This week in West Orange County history

These are the people and events that shaped the West Orange County we know today.

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85 years ago

The American Legion sponsored a big event, “Friday All Day.” The entire day was spent with events honoring and benefiting the boys Drum and Bugle Corps and the Lakeview High School baseball team. There was a political rally, barbecue, a baseball game between Lakeview and Cocoa, a diaper-pinning contest with prominent men contending and a gayety ball.

Ocoee High School held its annual Junior-Senior Banquet at the Perrydell in Orlando. The dining hall was decorated with pink and orchid ropes with silver bells attached. This illustrated the class motor: “Let the ropes of the past ring the bells of the future.”


80 years ago

Withers Memorial Christian Church at Ocoee celebrated its 50th anniversary. The church was built by the children of W.T. Withers as a memorial to their father. It was erected on land donated by Capt. B.M. Sims. After the morning service, there was a basket dinner at the women’s clubhouse.


70 years ago

Cub Scouts held a pack meeting at the Fellowship Hall of the First United Methodist Church of Winter Garden. Awarded their Bobcat pins were Gloyce Fulmer, Art Ficquette, David Barley, David Haler, Wayne Collier and Malone Traywick. Art Dees received a Silver Star, and Jimmy Kerr earned the Bear badge.


50 years ago

Robert Williams was hired as the new Ocoee High School principal. He previously had taught mathematics at Ocoee High for eight years before taking an assistant principal’s position at another school.


40 years ago

To add a little variety to the Winter Garden dining scene, the newly opened Jud’s Restaurant on South Dillard Street offered fine Italian fare each evening.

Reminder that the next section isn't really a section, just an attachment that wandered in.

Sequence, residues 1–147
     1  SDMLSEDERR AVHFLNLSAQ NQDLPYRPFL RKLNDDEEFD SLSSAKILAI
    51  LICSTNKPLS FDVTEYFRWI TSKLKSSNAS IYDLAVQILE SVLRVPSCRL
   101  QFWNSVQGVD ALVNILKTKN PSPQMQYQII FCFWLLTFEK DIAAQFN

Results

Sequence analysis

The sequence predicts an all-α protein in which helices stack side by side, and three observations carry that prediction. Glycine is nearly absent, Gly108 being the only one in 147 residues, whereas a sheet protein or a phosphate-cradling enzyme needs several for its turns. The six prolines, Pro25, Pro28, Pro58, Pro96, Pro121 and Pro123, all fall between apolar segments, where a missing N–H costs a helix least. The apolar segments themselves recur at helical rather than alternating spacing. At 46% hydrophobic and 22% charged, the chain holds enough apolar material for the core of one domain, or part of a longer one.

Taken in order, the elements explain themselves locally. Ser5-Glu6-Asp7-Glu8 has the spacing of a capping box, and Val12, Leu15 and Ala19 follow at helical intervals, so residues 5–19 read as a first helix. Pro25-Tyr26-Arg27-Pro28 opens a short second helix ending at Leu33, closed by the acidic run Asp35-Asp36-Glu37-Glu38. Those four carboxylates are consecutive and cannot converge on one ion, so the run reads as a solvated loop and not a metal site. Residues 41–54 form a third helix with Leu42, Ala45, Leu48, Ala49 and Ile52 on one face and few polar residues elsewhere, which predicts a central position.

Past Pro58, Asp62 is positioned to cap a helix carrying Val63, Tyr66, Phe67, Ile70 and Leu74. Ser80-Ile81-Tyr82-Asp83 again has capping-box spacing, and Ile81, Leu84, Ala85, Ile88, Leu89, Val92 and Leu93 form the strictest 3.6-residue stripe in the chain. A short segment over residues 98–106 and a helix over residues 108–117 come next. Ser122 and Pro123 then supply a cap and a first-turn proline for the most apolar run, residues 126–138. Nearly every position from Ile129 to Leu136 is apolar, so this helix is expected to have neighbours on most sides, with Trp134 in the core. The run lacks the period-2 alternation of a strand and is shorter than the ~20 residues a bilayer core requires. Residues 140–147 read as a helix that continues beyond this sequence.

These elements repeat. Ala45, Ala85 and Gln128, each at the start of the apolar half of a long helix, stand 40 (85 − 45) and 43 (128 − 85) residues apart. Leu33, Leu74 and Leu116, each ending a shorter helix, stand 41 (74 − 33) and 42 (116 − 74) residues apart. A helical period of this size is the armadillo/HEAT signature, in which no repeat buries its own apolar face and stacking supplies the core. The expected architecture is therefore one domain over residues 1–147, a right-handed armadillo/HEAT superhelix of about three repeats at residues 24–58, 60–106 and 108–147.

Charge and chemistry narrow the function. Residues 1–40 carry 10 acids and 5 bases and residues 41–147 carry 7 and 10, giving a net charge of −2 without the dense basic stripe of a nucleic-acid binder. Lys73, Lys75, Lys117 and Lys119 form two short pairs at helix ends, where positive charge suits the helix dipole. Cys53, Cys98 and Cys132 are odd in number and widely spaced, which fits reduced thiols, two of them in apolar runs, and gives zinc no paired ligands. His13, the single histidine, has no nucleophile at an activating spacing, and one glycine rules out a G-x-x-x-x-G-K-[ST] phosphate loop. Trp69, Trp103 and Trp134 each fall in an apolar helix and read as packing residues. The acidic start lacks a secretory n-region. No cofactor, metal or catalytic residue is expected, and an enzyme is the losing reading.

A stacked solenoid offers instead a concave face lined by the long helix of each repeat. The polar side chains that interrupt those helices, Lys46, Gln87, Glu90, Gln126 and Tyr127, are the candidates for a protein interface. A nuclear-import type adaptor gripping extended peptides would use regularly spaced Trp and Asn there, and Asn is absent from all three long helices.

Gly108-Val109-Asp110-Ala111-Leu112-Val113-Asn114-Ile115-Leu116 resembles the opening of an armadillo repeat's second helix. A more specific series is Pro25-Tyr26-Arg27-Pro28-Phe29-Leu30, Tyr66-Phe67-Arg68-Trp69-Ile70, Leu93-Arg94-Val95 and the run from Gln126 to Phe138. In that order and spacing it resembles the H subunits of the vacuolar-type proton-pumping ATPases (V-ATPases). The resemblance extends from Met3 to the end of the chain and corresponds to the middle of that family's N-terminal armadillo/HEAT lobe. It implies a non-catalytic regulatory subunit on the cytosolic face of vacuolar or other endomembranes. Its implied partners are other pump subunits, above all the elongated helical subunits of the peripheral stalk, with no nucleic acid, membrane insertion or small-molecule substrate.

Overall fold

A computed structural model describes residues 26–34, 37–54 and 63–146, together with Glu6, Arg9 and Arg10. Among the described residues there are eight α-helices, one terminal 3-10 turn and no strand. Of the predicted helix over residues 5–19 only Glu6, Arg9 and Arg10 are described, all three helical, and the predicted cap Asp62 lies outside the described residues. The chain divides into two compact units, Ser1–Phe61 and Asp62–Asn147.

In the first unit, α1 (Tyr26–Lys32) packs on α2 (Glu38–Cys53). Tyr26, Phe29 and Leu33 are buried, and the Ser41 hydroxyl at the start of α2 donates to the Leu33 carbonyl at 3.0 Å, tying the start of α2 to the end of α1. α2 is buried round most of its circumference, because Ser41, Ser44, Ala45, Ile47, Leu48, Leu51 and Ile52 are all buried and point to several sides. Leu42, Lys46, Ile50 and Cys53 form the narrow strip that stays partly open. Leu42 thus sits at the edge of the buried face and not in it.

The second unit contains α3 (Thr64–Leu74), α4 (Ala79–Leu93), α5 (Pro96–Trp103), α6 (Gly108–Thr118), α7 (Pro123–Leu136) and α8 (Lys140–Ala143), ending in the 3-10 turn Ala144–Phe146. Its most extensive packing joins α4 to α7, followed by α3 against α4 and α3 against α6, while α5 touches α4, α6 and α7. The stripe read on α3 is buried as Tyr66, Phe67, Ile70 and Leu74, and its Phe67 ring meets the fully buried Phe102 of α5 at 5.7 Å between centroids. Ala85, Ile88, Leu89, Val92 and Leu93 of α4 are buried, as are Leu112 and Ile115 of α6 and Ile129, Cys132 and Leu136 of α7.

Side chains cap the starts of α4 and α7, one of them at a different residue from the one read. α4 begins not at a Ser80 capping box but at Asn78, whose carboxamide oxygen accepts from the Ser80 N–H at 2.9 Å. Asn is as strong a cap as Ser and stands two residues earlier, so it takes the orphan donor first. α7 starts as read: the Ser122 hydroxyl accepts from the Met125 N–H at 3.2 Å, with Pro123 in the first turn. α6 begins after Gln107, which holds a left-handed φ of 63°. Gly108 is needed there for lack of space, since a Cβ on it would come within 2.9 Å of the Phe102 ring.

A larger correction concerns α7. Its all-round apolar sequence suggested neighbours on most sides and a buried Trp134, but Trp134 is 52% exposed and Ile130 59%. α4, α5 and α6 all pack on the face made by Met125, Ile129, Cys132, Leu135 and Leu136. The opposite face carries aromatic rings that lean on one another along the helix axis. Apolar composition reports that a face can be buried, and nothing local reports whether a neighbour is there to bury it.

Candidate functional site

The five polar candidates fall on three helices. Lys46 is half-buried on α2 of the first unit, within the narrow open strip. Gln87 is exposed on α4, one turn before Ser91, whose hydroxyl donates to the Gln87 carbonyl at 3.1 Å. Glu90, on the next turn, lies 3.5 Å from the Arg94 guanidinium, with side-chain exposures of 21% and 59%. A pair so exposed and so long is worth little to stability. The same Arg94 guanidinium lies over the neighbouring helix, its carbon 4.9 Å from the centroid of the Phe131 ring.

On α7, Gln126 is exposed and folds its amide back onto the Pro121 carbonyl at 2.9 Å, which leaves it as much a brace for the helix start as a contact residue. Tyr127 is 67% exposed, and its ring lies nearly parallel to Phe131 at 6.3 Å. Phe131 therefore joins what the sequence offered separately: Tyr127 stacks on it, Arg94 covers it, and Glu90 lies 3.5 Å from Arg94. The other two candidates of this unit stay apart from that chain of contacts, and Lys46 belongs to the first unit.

May 2, 1974

Jimmy Pitchford owned Jimmy’s Thriftway in downtown Winter Garden for decades, and this was the grocery store of choice for many local residents. Pitchford ran a weekly advertising column in The Winter Garden Times, offering sage advice on all things related to food.

He said, “history will call this ‘the age of the supermarket,’ where today’s mother can find the best food for her family’s table” at his Plant Street establishment.



Ed and Beulah Reeves are seen outside the Reeves Brothers barbershop on Plant Street — with two rattlesnakes. The story behind this c. 1958 photo is woven into Winter Garden’s folklore. At the time, the family lived in Gotha. When their little dog, Prissy, gave the “snake warning,” they and their daughter Glenda went outside to the carport to see about the commotion. After spotting the rattlers that Prissy had warned them about, Beulah shot them with a rifle.

This marvelous photograph was supplied by Nancy Acton, Glenda Reeves Acton’s daughter and Rod Reeves’ first cousin once removed. The “Your Wate and Fate” machine standing at the left side was eventually relocated to Jowers Batteries on State Road 50. Over the years, many residents stepped aboard the machine for an indication of their present weight and future fortune.



Amy Quesinberry

Community Editor Amy Quesinberry was born at the old West Orange Memorial Hospital and raised in Winter Garden. Aside from earning her journalism degree from the University of Georgia, she hasn’t strayed too far from her hometown and her three-mile bubble. She grew up reading The Winter Garden Times and knew in the eighth grade she wanted to write for her community newspaper. She has been part of the writing and editing team since 1990.

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